Prof Maksud Helali, Bangladesh University of   alternator, would be developed at      economic growth and poverty
Engineering and Technology                     the University in conjunction          alleviation.“
                                               with GP Acoustics, a company



www.nottingham.ac.uk/exchange                                                                                          5
University news


                                                                                                  // Scholars at risk

                                                                                                  Why help?
                                                                                                  Professor Essam al-Rawi saw no
                                                                                                  contradiction between his two
                                                                                                  passions — geology and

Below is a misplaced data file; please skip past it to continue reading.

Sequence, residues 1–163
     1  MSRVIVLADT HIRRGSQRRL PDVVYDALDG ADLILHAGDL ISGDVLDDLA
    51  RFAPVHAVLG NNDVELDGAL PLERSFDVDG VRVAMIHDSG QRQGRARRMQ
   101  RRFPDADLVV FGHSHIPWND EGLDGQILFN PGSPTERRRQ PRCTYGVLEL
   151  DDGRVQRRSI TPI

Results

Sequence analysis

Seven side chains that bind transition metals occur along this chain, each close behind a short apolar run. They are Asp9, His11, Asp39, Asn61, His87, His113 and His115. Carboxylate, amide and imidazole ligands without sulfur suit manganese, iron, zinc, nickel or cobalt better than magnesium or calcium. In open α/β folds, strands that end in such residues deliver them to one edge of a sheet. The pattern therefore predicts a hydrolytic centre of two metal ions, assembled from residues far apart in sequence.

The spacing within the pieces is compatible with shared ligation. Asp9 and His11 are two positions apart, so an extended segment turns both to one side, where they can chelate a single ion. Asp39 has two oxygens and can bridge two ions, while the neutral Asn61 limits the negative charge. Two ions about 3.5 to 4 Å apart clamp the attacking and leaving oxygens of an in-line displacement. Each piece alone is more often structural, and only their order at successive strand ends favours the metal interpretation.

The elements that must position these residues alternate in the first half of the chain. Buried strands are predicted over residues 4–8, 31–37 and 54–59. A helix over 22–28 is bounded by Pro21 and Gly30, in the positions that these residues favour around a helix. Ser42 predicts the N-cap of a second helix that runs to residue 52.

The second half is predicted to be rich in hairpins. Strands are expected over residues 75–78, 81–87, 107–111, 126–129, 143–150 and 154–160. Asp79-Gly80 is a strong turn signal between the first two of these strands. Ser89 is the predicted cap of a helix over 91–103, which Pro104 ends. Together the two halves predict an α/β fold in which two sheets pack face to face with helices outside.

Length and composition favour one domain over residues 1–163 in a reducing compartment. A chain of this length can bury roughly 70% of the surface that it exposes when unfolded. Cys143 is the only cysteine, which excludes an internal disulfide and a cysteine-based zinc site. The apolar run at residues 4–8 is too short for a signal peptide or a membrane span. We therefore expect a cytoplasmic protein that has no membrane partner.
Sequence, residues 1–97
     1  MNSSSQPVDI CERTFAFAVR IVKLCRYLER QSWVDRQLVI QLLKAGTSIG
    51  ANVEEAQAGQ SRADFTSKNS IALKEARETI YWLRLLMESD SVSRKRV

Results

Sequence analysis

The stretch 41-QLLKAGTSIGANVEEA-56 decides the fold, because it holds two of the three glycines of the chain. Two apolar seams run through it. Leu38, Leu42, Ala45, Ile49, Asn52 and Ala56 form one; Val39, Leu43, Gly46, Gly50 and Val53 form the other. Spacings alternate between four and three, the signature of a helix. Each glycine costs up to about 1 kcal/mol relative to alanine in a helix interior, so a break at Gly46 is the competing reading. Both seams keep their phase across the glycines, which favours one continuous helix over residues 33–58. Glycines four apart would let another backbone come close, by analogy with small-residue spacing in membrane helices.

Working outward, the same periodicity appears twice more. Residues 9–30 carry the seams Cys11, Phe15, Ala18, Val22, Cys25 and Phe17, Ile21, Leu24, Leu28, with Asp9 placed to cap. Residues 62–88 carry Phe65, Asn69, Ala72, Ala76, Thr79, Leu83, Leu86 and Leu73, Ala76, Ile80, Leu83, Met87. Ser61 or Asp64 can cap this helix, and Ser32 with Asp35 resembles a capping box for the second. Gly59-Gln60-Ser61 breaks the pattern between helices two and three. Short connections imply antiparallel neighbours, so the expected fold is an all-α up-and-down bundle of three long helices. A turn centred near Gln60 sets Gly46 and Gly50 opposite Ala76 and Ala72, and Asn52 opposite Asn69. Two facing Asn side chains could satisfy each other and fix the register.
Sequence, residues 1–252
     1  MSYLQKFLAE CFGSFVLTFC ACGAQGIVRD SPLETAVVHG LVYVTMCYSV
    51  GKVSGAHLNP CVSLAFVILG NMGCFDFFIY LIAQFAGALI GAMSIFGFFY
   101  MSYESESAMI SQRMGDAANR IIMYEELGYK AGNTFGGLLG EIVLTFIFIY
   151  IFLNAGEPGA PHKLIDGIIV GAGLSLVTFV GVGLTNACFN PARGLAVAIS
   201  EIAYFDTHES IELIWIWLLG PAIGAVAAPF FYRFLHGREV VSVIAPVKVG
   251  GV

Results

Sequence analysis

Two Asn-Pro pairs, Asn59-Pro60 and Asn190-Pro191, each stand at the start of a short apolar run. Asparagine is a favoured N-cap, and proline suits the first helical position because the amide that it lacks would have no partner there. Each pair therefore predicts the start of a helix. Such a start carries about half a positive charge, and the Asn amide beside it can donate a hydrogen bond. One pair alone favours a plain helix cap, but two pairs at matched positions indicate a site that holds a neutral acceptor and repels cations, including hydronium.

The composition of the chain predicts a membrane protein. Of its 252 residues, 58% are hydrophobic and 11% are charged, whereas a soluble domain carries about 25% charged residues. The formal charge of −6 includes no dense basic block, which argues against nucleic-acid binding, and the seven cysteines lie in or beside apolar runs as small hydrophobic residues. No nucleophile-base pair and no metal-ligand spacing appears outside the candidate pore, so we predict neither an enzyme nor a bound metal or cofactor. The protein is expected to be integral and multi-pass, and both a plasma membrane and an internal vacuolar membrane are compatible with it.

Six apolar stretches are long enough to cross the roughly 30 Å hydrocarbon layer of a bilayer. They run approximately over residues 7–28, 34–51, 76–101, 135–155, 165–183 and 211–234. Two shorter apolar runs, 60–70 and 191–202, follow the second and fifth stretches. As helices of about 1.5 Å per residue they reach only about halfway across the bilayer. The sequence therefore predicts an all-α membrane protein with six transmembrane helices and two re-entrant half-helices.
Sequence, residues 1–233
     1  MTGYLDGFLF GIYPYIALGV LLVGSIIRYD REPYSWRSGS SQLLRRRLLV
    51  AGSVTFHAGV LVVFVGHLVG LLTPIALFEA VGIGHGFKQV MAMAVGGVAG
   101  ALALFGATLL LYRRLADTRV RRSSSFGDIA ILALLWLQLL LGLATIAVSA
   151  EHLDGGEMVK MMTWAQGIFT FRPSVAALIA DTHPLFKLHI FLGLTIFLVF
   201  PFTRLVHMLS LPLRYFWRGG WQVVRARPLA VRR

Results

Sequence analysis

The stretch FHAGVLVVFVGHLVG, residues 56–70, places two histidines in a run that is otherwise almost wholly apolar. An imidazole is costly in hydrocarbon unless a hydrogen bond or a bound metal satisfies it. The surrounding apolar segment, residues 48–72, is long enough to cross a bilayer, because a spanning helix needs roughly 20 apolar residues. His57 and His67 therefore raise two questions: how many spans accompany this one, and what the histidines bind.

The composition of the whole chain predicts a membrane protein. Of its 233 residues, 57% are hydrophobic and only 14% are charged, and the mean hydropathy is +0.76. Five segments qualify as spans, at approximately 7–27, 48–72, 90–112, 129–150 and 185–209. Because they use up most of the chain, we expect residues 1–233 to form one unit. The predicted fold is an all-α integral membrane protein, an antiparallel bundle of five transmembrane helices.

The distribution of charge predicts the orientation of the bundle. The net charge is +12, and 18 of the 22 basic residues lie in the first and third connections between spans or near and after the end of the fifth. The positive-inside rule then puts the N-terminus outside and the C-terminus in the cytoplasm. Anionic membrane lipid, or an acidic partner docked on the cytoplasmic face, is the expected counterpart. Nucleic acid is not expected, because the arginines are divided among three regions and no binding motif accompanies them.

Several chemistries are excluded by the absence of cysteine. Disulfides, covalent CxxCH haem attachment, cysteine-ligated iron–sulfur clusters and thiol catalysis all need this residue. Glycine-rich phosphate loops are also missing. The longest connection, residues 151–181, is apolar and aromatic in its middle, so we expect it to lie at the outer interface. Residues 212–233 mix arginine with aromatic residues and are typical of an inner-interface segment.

theology. “Being a scientist
                                                                                                  makes me appreciate God better,”
                                                                                                  he told Time magazine in 2005. A
                                                                                                  professor of Geology and a
                                                                                                  member of the Association of
                                                                                                  Muslim Scholars, Al-Rawi also
                                                                                                  took on the role of president of
                                                                                                  the University Professors’ Union.